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*To*: dinosaur@lepomis.psych.upenn.edu*Subject*: Bolides and crater diameters*From*: pjanke@maroon.tc.umn.edu*Date*: Fri, 12 Aug 1994 18:32:59 -0500 (CDT)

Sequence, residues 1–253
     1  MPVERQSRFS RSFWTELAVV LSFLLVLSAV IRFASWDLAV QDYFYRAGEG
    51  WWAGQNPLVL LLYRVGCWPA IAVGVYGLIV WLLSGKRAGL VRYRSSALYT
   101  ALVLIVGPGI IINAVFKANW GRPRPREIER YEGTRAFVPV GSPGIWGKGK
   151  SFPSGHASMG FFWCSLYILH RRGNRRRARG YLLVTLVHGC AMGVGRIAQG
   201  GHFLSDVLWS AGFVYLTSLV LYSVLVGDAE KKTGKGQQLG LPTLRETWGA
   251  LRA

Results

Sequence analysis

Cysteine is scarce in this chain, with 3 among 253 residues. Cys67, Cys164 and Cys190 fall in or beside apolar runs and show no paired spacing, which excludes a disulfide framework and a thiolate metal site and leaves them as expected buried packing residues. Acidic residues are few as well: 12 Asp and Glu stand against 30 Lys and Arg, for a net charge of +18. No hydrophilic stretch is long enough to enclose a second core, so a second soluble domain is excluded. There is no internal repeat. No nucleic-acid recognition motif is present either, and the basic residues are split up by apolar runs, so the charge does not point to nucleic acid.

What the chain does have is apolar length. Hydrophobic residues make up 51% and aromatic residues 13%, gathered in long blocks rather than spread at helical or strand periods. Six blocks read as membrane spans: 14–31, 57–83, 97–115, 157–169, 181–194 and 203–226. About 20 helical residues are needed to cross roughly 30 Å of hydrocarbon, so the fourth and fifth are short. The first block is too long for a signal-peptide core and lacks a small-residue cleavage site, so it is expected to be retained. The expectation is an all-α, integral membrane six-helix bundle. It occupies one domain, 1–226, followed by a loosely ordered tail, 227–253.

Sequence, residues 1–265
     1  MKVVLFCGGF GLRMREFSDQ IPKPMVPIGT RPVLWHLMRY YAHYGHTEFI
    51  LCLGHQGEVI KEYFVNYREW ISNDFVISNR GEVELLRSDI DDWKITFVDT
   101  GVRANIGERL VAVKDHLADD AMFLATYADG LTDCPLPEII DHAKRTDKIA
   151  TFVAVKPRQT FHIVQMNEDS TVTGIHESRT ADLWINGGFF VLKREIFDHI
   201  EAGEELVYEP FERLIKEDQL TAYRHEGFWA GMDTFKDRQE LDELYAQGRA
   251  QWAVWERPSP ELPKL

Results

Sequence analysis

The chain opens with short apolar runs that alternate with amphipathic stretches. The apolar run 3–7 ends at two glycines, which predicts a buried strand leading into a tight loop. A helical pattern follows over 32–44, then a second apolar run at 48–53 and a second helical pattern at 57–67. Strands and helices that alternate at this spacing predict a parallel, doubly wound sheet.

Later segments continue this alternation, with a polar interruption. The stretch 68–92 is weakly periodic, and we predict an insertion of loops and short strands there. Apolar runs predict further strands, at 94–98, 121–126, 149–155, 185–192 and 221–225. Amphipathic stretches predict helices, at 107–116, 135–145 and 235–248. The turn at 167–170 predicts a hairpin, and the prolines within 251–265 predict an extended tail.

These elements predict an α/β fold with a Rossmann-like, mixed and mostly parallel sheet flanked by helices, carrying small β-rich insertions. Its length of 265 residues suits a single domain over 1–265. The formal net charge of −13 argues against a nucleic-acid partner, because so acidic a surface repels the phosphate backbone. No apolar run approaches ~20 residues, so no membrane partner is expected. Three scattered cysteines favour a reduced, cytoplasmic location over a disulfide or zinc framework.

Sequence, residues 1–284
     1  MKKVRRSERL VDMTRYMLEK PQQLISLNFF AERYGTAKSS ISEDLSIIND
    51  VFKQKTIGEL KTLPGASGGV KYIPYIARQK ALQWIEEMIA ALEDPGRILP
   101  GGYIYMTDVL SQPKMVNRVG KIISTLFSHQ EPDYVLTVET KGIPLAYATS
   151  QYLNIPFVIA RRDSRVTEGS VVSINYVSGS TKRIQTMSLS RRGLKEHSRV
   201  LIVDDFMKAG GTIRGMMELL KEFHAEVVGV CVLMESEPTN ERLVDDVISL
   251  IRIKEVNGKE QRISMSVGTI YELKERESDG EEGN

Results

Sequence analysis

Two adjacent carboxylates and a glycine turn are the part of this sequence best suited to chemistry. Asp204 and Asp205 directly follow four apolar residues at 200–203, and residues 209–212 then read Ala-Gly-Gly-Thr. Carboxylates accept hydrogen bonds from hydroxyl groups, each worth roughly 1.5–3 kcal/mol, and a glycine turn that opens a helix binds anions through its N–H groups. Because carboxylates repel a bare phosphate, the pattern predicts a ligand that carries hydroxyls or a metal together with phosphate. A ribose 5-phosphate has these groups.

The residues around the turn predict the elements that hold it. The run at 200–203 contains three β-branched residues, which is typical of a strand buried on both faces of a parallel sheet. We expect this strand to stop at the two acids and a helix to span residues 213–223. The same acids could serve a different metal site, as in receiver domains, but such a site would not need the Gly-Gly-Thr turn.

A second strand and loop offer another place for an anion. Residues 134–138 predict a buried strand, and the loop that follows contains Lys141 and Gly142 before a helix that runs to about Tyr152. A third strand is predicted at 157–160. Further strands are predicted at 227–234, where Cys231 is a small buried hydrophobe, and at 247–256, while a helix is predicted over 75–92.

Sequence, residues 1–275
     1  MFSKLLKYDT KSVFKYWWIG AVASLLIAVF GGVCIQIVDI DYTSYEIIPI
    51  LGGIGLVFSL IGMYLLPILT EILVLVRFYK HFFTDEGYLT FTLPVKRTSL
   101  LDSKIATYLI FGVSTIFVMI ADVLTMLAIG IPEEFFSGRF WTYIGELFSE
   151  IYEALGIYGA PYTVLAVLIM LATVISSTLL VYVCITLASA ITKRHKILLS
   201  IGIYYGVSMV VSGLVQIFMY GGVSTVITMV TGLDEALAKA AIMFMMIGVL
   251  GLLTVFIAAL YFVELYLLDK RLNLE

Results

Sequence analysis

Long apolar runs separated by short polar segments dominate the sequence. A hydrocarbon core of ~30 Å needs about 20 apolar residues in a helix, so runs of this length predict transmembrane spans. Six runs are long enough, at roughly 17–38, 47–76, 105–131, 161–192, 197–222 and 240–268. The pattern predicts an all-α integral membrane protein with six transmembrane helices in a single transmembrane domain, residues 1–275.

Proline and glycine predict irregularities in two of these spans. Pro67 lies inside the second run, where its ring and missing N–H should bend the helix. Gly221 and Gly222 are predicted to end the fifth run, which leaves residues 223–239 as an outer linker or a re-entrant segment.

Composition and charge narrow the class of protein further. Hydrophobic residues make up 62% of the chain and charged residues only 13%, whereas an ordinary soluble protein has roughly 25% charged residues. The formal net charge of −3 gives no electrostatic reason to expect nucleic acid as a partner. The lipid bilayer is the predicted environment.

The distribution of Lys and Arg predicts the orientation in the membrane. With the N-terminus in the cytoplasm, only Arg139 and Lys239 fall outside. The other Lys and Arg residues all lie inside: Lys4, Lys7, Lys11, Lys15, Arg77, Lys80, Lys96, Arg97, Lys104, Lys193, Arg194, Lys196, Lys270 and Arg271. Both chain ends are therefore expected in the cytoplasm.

Eugene Shoemaker describes a formula for calculating the relationships between a bolide's kinetic energy and what the associated crater diameter would be if it should hit mother Earth. The calculations are slightly involved so I will only summarize how his model works. Get the article if you want to try this at home ;-) D = C Kn W where D=crater diameter in km C=collapse factor(1 for craters <=3km and 1.3 for those >=4km Kn=(0.074 km kilotons)^-1/3.4 W = the kinetic energy of the incoming body... The constant (Kn) was derived using empirical data from the Jangle U nuclear test site in Yucca Flat, Nevada. I did a few simulations using this formula. The first three cases assume a bolide with a density of 3grams/cc hits Earth. CASE 1 bolide diameter = 10km bolide velocity = 20km/sec resultant crater= 136km diameter CASE 2 Same bolide at twice the velocity(40 km/sec) resultant crater= 205km diameter Note: You can see why 10km is a convenient estimate for the size of the bolide that resulted in the Chicxulub(180km) structure. CASE 3 What if fragment "G" of SL9 which recently hit Jupiter were to hit the Earth instead? resultant crater= 60km diameter CASE 4 "Reverse engineer" the Barringer Crater(Meteor Crater, AZ). Since we have evidence for an iron/nickel body, let's assume the density to be 10g/cc. The original bolide would then have a diameter of 40meters. -Paul --- References: Asteroid and Comet Bombardment of the Earth, Eugene M. Shoemaker, Ann. Rev. Earth Planet Sci., 1983,41.

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